Richmond County will become a big player in transportation once Interstate 74 is completed. For now, however, this is small-town USA.

Logging on to the Richmond County GOP Web site, McCrory isn't even mentioned on the list of 2008 Republican candidates (ouch).

Pulling into a gas station off Highway 74 in Rockingham, the sleepy little town that holds the county seat and home to the Richmond County High School Raiders, I notice a man sitting in the café section of the station, waiting for his meal of fried chicken and potato wedges and sipping on a small cup of coffee that would cost $3 in Starbucks. But, like McCrory's presence on the GOP's Web site, there is no Starbucks here.

"Do you know who Pat McCrory is?" I ask.

The man, who prefers not to give his name, replies: "I've heard that name around Charlotte, I believe. He's a politician. I don't know his position."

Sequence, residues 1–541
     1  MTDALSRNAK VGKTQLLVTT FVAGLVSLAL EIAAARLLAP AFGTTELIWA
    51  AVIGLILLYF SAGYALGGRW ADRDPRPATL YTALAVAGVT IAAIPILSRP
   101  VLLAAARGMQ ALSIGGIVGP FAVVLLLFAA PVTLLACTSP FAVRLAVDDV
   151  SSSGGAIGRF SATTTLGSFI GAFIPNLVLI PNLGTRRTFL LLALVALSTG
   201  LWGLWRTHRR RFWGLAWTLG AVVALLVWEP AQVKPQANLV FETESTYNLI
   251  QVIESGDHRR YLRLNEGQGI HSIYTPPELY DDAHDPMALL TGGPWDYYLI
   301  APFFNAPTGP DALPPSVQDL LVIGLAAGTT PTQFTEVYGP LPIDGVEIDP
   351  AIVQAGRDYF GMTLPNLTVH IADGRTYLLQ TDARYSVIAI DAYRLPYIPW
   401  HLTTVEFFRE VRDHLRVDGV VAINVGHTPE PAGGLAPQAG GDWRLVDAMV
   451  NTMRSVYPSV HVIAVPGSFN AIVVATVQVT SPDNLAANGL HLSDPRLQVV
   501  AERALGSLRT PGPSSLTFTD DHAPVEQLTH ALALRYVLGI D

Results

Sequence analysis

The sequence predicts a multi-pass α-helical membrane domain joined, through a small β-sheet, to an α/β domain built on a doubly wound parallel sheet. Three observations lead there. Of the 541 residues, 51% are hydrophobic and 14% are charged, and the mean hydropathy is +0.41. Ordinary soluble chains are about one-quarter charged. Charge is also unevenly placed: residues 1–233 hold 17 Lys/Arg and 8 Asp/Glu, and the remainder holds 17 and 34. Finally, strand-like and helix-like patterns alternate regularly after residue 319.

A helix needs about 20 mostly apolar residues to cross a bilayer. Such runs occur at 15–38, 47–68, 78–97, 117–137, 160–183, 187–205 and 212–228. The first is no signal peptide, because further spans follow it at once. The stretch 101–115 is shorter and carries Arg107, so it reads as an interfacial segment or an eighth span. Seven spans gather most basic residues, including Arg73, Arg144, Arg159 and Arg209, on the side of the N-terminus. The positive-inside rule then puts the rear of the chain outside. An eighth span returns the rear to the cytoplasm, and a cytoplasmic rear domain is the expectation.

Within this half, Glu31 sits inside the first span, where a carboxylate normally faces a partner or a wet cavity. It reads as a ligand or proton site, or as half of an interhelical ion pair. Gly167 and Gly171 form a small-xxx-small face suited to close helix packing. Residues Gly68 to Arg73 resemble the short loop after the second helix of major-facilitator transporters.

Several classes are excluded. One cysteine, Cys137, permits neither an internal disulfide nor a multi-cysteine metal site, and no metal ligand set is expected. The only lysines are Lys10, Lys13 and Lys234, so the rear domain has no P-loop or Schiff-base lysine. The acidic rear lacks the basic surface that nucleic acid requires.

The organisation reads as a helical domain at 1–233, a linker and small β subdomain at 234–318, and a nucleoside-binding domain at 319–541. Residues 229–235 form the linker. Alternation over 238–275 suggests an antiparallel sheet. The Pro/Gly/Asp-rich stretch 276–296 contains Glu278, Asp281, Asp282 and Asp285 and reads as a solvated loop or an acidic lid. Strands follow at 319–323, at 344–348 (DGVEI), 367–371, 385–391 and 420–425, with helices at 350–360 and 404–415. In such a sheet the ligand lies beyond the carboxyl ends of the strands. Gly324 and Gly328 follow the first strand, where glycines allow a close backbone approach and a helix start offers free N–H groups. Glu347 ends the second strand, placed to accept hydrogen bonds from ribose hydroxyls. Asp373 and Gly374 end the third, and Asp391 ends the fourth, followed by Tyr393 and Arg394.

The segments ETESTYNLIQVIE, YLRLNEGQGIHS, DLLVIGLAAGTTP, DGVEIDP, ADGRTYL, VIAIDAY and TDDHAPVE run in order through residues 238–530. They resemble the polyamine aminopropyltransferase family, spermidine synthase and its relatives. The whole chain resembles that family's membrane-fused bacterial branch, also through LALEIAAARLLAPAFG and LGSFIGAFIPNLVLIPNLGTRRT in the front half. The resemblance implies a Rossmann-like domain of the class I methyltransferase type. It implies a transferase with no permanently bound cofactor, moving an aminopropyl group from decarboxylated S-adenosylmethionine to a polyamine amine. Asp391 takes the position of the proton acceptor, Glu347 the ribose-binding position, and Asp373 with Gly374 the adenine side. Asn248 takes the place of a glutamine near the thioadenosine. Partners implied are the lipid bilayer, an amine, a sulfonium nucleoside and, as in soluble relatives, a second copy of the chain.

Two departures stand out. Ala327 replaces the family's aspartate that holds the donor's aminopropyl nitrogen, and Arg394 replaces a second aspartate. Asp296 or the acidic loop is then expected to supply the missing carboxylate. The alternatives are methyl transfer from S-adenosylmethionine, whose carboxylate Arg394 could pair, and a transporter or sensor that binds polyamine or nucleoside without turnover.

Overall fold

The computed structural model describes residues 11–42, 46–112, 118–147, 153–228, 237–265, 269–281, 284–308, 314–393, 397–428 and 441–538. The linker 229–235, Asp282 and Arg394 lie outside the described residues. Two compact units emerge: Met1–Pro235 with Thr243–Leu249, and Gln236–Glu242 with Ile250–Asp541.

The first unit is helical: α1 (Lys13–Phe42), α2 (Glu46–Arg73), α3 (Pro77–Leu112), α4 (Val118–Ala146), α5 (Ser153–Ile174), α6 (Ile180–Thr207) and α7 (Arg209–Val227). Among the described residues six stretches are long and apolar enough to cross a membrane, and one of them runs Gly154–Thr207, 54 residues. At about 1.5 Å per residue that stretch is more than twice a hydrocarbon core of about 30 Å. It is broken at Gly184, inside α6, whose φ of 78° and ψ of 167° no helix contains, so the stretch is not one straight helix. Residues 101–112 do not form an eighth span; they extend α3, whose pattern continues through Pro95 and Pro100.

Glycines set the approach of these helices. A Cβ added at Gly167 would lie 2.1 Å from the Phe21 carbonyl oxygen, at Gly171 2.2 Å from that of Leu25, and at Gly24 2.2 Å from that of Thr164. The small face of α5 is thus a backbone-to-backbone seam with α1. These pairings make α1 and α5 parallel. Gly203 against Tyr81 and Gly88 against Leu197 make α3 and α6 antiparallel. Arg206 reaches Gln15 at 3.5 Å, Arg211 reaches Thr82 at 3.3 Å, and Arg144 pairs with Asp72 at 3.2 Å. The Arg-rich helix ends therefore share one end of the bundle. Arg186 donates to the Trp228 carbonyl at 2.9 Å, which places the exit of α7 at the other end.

"He's the mayor of Charlotte," I say, "and now he's running for governor."

"Oh, OK," he replies.

"Would you support him in the election?"

"I don't know enough about him to make any judgment right now," he says, leaning back in the shiny, orange wooden seat. He admits that he hasn't given much thought to whom he plans to vote for in the gubernatorial race.

His order is ready, and it's time to say goodbye.

Further down Highway 74 sits Scotland County. Once I reach the city limits of Laurinburg, the county seat, I'm fully aware that I've entered conservative country.

How?

Signs showing support for Republican presidential candidate Ron Paul and former candidate Mitt Romney dot main streets. Even in residential areas, there isn't a sign of support for Hillary Clinton or Barack Obama.